Mr. Myers has been twice married, and is the father of twelve children, most of whom are living within a few miles of his home. Every male member of his family, except Ephraim himself, who was old enough to enlist, joined the grand army of the Union, and marched into Dixie to sustain the old flag. Five of his own sons, a stepson and a young man whom he had brought up in the love and admiration of the flag of his country, seven in all, went forth from his roof. One, Jacob, his eldest never returned to tell the story of his trials and triumphs.

He has a fine farm of 500 acres, and thinks he can enjoy what he has accumulated for a few years.

Benjamin Thomas came about the same time to Section 27. He died soon, and his widow continued to live there for some years.

Fielding Lloyd lived early on a portion of the land now occupied by Myers.

Abram Stansbery, one of a large relationship which has numerously settled or grown up here in the eastern part of the county, came here about the same time, and, in 1832, while the fright in regard to the Black Hawk war was at its height, he married a daughter of Jonathan Cheney. A wedding at any time in the new settlement “ caused talk," but this one at a time when it was not known what moment the red-skins might pounce down on them and carry the tomahawk, the scalping-knife and the firebrand through the Grove, caused many remarks. But Abram's faith was strong, and answered all by quoting the slightly changed apostolic injunction, “ Better to marry than to enlist.”

At this time, only one house—that of Father Newcombeighteen miles away, stood between here and Urbana, at Newcomb's Ford. Mr.

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Stansbery died leaving two grown children and a considerable estate. Edward Stansbery came here from East Tennessee in 1833. With the neighbors' help, they fixed up their little cabin and got to living before winter set in, but the next year they all had the ague so badly that they could not do anything.

He entered the land he had a claim on in 1835, in Section 20, and sold this and bought another. He died in 1860. His son, W. K., for a long time and still Postmaster at Saybrook, was thirteen years old when he came-just the right age to be very thoroughly impressed with matters, and with a good memory, his assistance kindly furnished to the writer of this sketch is hereby gratefully acknowledged. Mr. Edward Stansbery was for more than fifty years a firm and consistent member of the Methodist Church; was one of its earliest promoters here. Of his seven children, only two remain here—one son and one daughter. He was a very small man in stature, but large in manliness, abounding in faith and good works. His brother Ezekiel came here at the same time and settled on Section 19. He had a good farm of 120 acres. He died there leaving nine children, two of whom still remain here. E. K. Stansbery had a chance of schooling such as was to be found in the Grove at that time, and made good use of it.

The first schoolhouse was built in 1832, between where the mill and the cemetery now are; indeed, this schoolhouse and cemetery were the “first beginnings” of Saybrook. A Mr. Rowland taught school, and a Mr. Harbison followed him. The school was run by subscription. The teacher and some of the citizens carried a subscription-paper around, and such as felt able subscribed for more children's schooling at $2 per term. The attendance upon school was not limited to the scholars subscribed for, but the teacher would not undertake the school unless a sufficient number of subscriptions were made to pay him for his services. While lame William Johnson was teaching, the schoolhouse burned down, and his school was transferred to a vacant house of Mr. Cheney's during the remainder of the term. A schoolhouse was then built one mile west of the present Saybrook, which also burned, when one was built a mile and a half east, which soon became a third scholastic feast for the “devouring flames.” Just why all these “ cool retreats ” of learning thus burned is not known unless it is found in the fact that the youths here had such a “ burning desire" for education that the buildings themselves caught the enthusiasm and went up in smoke.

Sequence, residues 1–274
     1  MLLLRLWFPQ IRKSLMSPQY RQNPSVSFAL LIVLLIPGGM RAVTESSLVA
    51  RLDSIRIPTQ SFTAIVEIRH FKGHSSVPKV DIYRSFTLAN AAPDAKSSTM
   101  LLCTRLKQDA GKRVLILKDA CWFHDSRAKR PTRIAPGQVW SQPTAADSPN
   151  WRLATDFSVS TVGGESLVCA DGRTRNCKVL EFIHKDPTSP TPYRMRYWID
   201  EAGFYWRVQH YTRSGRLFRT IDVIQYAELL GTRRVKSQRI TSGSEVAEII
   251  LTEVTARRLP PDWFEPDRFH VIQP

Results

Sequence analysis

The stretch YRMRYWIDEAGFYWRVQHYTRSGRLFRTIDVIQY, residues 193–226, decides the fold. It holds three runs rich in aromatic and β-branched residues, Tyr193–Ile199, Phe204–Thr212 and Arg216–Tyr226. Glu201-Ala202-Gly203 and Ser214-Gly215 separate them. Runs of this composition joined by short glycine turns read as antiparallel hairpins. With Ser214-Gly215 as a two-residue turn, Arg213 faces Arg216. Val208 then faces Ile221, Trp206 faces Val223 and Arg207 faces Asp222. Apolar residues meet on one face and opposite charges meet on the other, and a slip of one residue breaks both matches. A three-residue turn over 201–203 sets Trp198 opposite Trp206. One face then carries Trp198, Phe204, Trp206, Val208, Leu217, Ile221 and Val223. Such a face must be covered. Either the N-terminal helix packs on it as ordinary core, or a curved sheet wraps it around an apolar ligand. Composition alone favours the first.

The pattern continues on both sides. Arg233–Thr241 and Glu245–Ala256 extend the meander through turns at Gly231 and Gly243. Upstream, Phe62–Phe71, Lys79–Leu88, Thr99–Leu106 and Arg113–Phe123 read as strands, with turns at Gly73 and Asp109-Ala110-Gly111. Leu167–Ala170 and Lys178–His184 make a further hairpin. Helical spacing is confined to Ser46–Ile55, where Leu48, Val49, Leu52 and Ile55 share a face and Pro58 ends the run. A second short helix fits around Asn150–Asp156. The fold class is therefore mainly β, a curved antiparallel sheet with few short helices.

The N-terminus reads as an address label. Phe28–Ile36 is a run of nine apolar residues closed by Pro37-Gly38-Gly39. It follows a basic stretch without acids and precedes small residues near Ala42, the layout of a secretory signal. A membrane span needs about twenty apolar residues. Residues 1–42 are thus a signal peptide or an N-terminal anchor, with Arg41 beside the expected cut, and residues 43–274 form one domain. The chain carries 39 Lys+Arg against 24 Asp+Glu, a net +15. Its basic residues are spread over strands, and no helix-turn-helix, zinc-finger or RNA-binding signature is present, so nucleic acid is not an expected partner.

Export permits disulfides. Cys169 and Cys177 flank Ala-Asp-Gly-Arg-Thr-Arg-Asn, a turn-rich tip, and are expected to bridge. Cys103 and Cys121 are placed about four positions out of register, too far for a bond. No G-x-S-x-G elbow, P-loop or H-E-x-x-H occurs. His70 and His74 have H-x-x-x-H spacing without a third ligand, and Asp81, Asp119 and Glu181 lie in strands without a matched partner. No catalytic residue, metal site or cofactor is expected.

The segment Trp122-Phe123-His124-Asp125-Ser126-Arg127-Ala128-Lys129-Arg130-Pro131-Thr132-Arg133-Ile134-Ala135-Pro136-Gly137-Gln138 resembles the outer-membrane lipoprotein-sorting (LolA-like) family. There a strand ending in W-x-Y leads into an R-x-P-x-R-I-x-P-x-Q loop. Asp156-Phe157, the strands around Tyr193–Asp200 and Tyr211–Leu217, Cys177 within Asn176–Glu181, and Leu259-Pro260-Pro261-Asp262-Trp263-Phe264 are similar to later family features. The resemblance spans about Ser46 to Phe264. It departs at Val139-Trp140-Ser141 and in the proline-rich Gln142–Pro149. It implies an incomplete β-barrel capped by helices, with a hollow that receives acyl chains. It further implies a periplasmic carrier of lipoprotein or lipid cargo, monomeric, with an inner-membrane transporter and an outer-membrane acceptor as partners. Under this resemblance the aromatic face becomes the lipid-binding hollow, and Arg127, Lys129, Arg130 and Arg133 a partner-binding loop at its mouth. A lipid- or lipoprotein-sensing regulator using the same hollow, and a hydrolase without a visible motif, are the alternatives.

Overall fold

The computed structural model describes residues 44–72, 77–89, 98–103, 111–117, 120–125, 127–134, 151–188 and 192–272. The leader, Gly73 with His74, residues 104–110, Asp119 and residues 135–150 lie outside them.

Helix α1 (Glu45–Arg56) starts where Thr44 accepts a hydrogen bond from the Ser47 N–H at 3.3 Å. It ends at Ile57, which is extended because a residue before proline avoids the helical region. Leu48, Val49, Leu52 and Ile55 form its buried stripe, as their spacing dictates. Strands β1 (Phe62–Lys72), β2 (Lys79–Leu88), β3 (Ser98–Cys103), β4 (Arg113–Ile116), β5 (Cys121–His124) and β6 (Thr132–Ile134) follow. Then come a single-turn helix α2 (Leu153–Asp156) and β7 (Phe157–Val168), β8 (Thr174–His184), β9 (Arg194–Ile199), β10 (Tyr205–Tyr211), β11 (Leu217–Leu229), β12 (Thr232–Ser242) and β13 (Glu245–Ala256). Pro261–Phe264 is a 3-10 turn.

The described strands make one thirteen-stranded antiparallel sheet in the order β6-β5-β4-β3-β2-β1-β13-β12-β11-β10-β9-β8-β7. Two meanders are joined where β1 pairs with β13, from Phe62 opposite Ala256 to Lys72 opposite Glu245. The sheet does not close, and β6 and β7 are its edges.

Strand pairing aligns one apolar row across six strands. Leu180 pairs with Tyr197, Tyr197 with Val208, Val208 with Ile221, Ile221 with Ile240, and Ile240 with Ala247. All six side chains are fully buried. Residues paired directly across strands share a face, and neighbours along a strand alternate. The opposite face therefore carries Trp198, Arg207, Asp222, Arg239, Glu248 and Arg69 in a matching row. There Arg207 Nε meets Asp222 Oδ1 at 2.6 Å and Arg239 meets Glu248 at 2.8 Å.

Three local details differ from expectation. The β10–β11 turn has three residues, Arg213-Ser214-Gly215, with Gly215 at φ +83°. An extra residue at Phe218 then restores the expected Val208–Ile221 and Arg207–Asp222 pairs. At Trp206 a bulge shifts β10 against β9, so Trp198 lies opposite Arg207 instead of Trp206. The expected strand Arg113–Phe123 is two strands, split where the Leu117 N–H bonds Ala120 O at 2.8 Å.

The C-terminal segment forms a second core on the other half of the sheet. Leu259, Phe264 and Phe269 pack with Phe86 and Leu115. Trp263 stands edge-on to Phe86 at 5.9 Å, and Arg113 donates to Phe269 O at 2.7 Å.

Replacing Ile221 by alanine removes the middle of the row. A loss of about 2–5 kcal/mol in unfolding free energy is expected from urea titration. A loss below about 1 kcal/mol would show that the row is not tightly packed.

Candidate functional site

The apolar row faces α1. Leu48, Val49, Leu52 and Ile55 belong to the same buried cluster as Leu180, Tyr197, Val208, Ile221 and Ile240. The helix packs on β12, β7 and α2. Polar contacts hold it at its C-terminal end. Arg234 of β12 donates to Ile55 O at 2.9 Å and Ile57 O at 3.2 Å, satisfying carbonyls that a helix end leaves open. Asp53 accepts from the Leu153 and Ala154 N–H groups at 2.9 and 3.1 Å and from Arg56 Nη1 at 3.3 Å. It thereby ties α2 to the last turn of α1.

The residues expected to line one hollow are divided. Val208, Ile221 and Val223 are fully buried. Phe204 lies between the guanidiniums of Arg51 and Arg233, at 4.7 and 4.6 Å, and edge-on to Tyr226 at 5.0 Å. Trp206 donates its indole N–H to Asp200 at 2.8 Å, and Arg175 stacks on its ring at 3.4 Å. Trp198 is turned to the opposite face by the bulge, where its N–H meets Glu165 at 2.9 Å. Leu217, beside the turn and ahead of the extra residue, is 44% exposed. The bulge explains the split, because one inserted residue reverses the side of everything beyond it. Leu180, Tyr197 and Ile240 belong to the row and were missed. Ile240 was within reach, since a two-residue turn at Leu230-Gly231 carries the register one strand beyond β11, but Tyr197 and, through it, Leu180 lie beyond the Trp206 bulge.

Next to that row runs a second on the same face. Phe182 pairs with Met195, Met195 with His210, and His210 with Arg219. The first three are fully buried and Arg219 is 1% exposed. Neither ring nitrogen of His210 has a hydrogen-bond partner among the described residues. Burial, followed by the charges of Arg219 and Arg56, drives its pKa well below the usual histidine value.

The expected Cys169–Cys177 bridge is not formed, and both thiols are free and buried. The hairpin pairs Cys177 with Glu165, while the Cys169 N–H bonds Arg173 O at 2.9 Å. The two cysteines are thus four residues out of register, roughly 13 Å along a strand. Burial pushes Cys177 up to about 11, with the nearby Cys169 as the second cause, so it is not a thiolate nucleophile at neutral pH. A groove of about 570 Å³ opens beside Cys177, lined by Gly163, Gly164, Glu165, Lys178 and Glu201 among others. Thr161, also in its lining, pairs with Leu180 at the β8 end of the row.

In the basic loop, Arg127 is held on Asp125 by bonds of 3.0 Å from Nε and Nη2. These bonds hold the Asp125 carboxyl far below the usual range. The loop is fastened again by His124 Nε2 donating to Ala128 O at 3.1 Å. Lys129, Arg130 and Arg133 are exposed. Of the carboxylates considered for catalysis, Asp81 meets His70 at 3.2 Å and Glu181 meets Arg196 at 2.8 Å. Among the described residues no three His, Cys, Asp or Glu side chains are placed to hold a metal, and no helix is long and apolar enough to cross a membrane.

Isaac, another of the numerous name of Stansbery came to the Grove in 1836, and commenced farming on his brother Abram's place, and has lived to see nine of his teu children grow up to manhood and womanhood, most of whom settled near him. His son Isaac gave his life to his country, and died at Milliken's Bend.

Otha Owen came here an orphan boy of eleven with his Uncle Elias in September, 1834, who settled and took a farm on Section 35, south of the Grove and near the river. He died in 1862. Otha lived with him eleven years, went to school at the old log schoolhouse near the cemetery until it burned and followed the fortunes of the others. He well remembers the “sudden change" in 1836. His uncle was away and his aunt kept him home from school to dig a trench around the barn to keep the water and slush from running into the stable. When the "change" struck him, he bethought bimself to cut the night's wood. The cold was so intense that he could only remain at the wood-pile about three minutes at a time; but the wood had to be cut, or the family would certainly freeze to death before morning. It was a lively time for the lad, and the